LinkedIn is an effective online tool for professionals. Now that digital networking is in full swing, you’re probably noticing a growing number of LinkedIn invitations coming from strangers. On the one hand, they could be spammers on the hunt for your sensitive data. On the other hand, if you don’t connect with people on LinkedIn, you won’t succeed in broadening your network. If you’re not sure whether to accept these connection requests or to ignore them altogether, this post is for you.
To Accept or Not to Accept? The Risk Is Real
Some experts advise accepting all LinkedIn connection requests, even when they come from people you don’t know. This train of thought is understandable: more connections equal higher chances of landing your dream job. However, expanding your network requires exercising some additional caution with the functionality the service provides.
Based on LinkedIn's recommendations, you should only connect with people you know personally or trust as professionals. This approach could limit your online networking endeavors, it’s true. But then again, opening up your profile to strangers reveals both your personal background, as well as your contact information and connection history.
The risk is real. In April 2021, a group of hackers selling LinkedIn-based personal information was discovered by the officials. According to LinkedIn, those cybercriminals didn’t even have to hack the service’s system. They just pieced together the details from the platform’s listings, the main source of which were random connections within the app. Voilà!
Rules of Thumb for Accepting LinkedIn Requests
Declining connection requests from people you don’t know in person is basic common sense. The same goes for recommending people via the service: never judge ‘a book by its cover’. Always make sure you only recommend someone you’ve worked with personally and preferably long-term. This rule of thumb is logical, however, it shouldn’t always be carved in stone.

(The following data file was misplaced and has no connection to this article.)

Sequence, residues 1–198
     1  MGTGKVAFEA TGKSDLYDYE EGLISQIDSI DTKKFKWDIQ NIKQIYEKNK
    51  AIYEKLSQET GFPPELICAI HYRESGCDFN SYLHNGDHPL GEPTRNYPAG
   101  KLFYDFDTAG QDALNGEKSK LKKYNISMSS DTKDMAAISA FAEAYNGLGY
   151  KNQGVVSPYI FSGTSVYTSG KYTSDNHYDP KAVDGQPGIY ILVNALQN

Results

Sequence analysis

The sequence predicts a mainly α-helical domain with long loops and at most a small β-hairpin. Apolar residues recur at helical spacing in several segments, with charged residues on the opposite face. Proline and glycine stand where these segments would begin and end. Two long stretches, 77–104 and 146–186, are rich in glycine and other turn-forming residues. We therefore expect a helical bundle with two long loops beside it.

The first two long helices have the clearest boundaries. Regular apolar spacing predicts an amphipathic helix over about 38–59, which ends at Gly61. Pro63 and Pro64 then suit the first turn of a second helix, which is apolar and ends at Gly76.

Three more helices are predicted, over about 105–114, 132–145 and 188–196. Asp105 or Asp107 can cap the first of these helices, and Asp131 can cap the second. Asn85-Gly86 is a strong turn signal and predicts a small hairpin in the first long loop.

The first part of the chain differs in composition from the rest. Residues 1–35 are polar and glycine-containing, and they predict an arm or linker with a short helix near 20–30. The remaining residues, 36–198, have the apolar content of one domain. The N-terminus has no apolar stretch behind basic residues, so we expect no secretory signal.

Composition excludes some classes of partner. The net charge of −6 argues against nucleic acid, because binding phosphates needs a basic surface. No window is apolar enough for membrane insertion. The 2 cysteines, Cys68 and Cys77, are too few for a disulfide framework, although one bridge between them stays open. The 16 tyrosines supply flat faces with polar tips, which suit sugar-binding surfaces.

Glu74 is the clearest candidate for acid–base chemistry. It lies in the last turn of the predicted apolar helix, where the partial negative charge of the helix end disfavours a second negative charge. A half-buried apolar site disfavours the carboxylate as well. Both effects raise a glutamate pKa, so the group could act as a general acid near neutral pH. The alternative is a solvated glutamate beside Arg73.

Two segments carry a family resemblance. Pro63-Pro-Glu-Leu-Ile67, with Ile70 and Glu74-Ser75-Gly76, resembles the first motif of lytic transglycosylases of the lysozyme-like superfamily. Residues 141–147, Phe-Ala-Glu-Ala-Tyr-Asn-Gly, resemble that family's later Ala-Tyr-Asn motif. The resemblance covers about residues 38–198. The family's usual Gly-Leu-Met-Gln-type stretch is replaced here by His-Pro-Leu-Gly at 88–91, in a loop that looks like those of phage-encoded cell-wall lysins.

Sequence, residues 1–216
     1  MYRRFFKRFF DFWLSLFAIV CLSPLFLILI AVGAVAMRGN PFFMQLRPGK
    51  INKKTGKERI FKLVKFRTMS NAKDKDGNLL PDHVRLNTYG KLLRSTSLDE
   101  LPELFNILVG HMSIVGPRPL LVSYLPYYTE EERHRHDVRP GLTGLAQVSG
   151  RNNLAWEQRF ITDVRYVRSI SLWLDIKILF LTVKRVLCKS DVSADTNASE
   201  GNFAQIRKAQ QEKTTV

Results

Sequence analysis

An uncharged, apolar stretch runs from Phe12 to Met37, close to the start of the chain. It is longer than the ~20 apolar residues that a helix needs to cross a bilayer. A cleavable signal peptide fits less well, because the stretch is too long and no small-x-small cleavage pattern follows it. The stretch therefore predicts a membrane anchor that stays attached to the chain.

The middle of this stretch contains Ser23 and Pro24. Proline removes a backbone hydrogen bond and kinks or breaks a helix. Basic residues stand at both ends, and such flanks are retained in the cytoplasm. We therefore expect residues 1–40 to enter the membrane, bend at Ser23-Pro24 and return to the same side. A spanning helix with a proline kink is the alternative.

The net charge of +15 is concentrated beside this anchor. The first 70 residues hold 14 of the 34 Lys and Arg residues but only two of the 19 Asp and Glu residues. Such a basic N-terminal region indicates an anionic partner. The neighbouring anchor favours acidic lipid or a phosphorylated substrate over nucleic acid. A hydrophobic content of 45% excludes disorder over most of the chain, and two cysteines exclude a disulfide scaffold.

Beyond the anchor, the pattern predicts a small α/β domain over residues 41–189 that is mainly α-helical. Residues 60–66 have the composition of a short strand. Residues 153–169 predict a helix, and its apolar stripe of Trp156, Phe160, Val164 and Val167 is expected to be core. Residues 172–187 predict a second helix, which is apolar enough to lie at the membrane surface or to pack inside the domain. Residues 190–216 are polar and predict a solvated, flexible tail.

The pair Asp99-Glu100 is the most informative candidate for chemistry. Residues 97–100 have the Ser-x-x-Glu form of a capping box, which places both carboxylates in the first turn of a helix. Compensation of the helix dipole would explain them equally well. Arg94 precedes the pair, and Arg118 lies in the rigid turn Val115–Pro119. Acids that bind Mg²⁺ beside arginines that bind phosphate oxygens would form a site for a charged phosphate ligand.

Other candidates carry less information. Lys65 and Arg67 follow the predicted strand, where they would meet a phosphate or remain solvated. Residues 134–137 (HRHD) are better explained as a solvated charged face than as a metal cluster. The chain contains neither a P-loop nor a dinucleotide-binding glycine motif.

Below, we’ve touched upon 3 choices that will aid you in safely and most effectively reacting to incoming connection requests from strangers:
Reply without accepting the request. Yes, you can do that on LinkedIn, and it’s a wonderful option. Tell them you only connect with people you know in person. Offer them to get to know each other. Ask them if they have any questions about the services you provide. Monitor their reaction. You’ll instantly notice someone who’s not for real by analyzing their response.
Accept the request and get the conversation going with the person who initiated it. Have a look at their profile. If you figure out you have a mutual friend/colleague or work in the same field, discuss it.
Ignore connection requests from strangers without wasting time on all the aforedescribed ice-breaking. Don’t worry. LinkedIn will not notify them of your rejection.
Cutting to the Chase: Learn to Trust Your Instincts
To cut a long story short, we recommend that you keep laser-like focus on the quality-vs-quantity aspect and connect only with the right people on LinkedIn. For example, if you only work with customers from the U.S., connecting with people from other areas should be of no interest to you. Before opening up your profile to someone, ask yourself: ‘Would I want to exchange business cards with this person’. That’s a very effective way to figure out if you should accept or decline their connection request. All in all, knowing potential risks, trusting your instincts, and thus connecting only with valuable people you feel comfortable with is the best strategy.